And of course, rare has been the artist who has not offered his or her CDs in grateful compensation for the event — at least those CDs in their catalogue, that were missing from our collection.

    Artists, rest assured that — though, as Ma’Maple says, a warm thank-you gift is very, very appreciaed — your house concert hosts are doing this because…

    … they LOVE it!

    Bask in the love,
    nicole colbeck
    Westboro House Concerts
    Ottawa, ON

  3. avatar
    David Newland 22 April, 2011 at 13:39

    I’ve hosted a bunch of house concerts and never charged. In fact, I confess I’ve topped up the “hat” with my own cash to make sure the artist got decent compensation for their work.

    The way I figured it, I was getting entertainment for my matinee, or soiree, so no big deal to toss in.

    But then I’ve also heard from people who won’t even host a house concert, they are so uncomfortable collecting money from their own guests.

    Personally, I don’t object to hosts being remunerated on principle, but I do think it’s a slippery slope of responsibility in what’s already a legal grey area.

  4. avatar
    Bob LeDrew 22 April, 2011 at 15:55

    I’d feel kinda queasy about taking money from the performer. I always figured that it was my job to GENERATE cash for the artist, not liberate him or her from it.

  5. avatar
    Scott Merrifield 22 April, 2011 at 22:32

    After more than 20 years of presenting house concerts in my home and those of other hosts, I agree with everyone else who has posted. When the receipts are healthy, (which they almost always are), and with advance notice, I will take expenses such as rental of chairs or a PA out of the door, but otherwise 100% goes to the artist and that makes me and the rest of the audience feel good. A CD is a nice gesture of gratitude and quite sufficient for most hosts.
    However, the situation of some hosts may be different and, as long the deal is clear and transparent up front and mutually agreed upon in advance, I have nothing against any arrangement that the parties may agree upon that makes the gig possible and worthwhile for everyone.

  6. avatar
    Julie Corey 23 April, 2011 at 11:40

    I am a newcomer to the house concert scene. And I share the sentiment that others have expressed – I came to it out of a love for live music and a desire to support local musicians. I have no desire to cheat musicians out of their well-deserved income; however, if covering my expenses means I can afford to offer concerts once a month rather than once a year (and maybe improve the seating and lighting situation) then I hope the folk community would find this appropriate.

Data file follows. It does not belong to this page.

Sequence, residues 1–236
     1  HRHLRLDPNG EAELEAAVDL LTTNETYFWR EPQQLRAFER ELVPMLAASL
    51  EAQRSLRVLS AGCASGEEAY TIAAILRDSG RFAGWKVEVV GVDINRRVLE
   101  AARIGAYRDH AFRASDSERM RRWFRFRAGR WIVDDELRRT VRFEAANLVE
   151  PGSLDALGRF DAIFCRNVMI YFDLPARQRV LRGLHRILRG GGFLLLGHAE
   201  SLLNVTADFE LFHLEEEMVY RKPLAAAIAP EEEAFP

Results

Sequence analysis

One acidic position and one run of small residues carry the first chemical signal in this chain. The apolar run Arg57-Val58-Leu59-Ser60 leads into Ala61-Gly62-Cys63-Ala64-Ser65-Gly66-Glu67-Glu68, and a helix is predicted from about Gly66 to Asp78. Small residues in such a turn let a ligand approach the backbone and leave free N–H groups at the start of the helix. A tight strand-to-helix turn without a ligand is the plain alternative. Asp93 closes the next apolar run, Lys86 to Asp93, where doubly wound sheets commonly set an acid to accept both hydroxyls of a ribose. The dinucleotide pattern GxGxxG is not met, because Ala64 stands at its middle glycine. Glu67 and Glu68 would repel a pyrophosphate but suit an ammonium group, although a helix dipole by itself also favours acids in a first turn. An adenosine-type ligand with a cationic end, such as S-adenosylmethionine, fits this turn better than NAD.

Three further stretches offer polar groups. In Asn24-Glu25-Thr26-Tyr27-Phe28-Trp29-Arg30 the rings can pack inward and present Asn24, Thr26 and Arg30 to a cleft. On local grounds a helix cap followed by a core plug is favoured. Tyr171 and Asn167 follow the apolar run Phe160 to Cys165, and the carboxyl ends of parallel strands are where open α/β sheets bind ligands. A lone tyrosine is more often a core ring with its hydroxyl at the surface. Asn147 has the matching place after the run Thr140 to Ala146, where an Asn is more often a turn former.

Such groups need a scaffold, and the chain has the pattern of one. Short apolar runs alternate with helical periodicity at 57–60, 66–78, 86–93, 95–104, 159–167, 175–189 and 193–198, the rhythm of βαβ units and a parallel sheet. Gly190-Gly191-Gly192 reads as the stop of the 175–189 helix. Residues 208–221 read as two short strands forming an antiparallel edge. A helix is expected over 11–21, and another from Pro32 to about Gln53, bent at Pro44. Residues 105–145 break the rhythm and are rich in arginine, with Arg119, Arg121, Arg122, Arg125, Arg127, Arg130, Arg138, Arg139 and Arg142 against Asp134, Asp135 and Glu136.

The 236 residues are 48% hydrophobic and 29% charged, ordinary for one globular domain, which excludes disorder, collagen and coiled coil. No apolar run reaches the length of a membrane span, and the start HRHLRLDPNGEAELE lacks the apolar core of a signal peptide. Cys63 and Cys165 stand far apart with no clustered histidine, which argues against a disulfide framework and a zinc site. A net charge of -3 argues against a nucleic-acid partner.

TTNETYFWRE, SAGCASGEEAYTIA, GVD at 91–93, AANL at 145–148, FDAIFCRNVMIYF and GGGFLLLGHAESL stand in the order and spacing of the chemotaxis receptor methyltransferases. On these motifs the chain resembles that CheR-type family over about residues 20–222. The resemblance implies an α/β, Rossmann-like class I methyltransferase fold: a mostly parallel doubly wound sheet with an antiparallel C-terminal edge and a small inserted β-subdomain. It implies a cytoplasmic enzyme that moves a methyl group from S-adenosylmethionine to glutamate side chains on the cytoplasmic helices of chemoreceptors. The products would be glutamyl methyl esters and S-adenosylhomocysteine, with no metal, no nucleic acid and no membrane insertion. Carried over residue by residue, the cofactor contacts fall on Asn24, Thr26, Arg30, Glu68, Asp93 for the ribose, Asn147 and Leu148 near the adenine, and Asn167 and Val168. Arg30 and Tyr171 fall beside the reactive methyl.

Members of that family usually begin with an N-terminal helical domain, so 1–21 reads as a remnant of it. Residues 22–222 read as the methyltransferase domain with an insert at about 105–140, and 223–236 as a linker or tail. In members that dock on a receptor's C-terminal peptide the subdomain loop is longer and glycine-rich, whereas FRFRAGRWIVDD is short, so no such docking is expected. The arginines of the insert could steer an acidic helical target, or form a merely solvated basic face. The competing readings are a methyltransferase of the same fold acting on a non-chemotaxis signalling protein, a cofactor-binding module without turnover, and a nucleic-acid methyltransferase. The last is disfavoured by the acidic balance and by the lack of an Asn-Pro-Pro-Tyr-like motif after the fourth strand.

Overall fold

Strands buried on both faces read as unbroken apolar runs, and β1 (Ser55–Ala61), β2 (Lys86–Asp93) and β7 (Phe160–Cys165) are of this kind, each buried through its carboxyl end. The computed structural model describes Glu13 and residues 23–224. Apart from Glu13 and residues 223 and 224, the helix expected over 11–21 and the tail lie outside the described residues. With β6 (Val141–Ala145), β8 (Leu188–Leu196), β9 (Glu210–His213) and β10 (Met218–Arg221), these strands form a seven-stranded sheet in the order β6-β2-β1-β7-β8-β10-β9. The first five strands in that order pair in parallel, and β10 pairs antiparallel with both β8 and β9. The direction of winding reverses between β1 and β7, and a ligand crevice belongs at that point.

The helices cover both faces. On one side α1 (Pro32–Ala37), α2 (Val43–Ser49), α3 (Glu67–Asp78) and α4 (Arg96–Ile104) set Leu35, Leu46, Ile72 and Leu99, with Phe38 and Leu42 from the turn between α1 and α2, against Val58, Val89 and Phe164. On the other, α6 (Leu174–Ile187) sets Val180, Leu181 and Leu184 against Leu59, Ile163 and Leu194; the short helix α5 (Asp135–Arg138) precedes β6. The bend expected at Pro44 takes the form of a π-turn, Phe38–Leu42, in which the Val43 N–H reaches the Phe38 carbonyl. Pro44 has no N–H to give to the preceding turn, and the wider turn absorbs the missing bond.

7. avatar
    Daryl 24 April, 2011 at 23:30

    Having hosted many house concerts of over 50 people in the past few years, I have found that the reason for the event is community. A community of musicians, neighbours, colleagues, and family enjoying an intimate evening of music together. There has never been a concern over food, renumeration, or compensation. As hosts, it is a privilege to share our home with the afore mentioned community for the purpose of showcasing some of the great musicians that pass our way. Musicians have expressed their appreciation for the opportunity to share their craft in a venue with an appreciative audience. It’s a win-win situation with all people involved being the benefactors. Our lives are so much richer for having had these experiences, richer in more ways than material rewards can offer.

  8. avatar
    Kev Corbett 25 April, 2011 at 10:59

    I had a friend ask me about HCs once because his house is a big, beautiful money pit, and he wanted to figure out a way to monetize it. I told him it probably wasn’t his scene.

    That said, as an artist, I have met hosts who get burnt out on it and I totally don’t mind if they need a little slice, because often they’re laying out of pocket for food, room improvements, there’s time and house re-org involved, often much admin and managing and tracking of the invite list/FB/website, high-traffic cleaning, and I’m just glad to be there. I’ll do dishes, I’ll sit up until 2 and answer questions about other hosts’ places (happens all. the. time.), I’ll vaccuum, chop wood, whatever convinces you to do this again for somebody else, y’know? Karma.

  9. avatar
    Jives 30 April, 2011 at 11:20

    To comment on the comments:

    There was never any question of taking money from the door to reimburse hosts at our house concert series. The whole endeavour had blown itself way out of control and, when sixty or seventy people come to expect a buffet in addition to music, it can deter hosts from offering their living rooms.

    In the end we decided to remind our audience members to bring a libation of choice and something to add to the table if they choose: back to the initial concept.

    Thanks for all the fond memories.
    Jen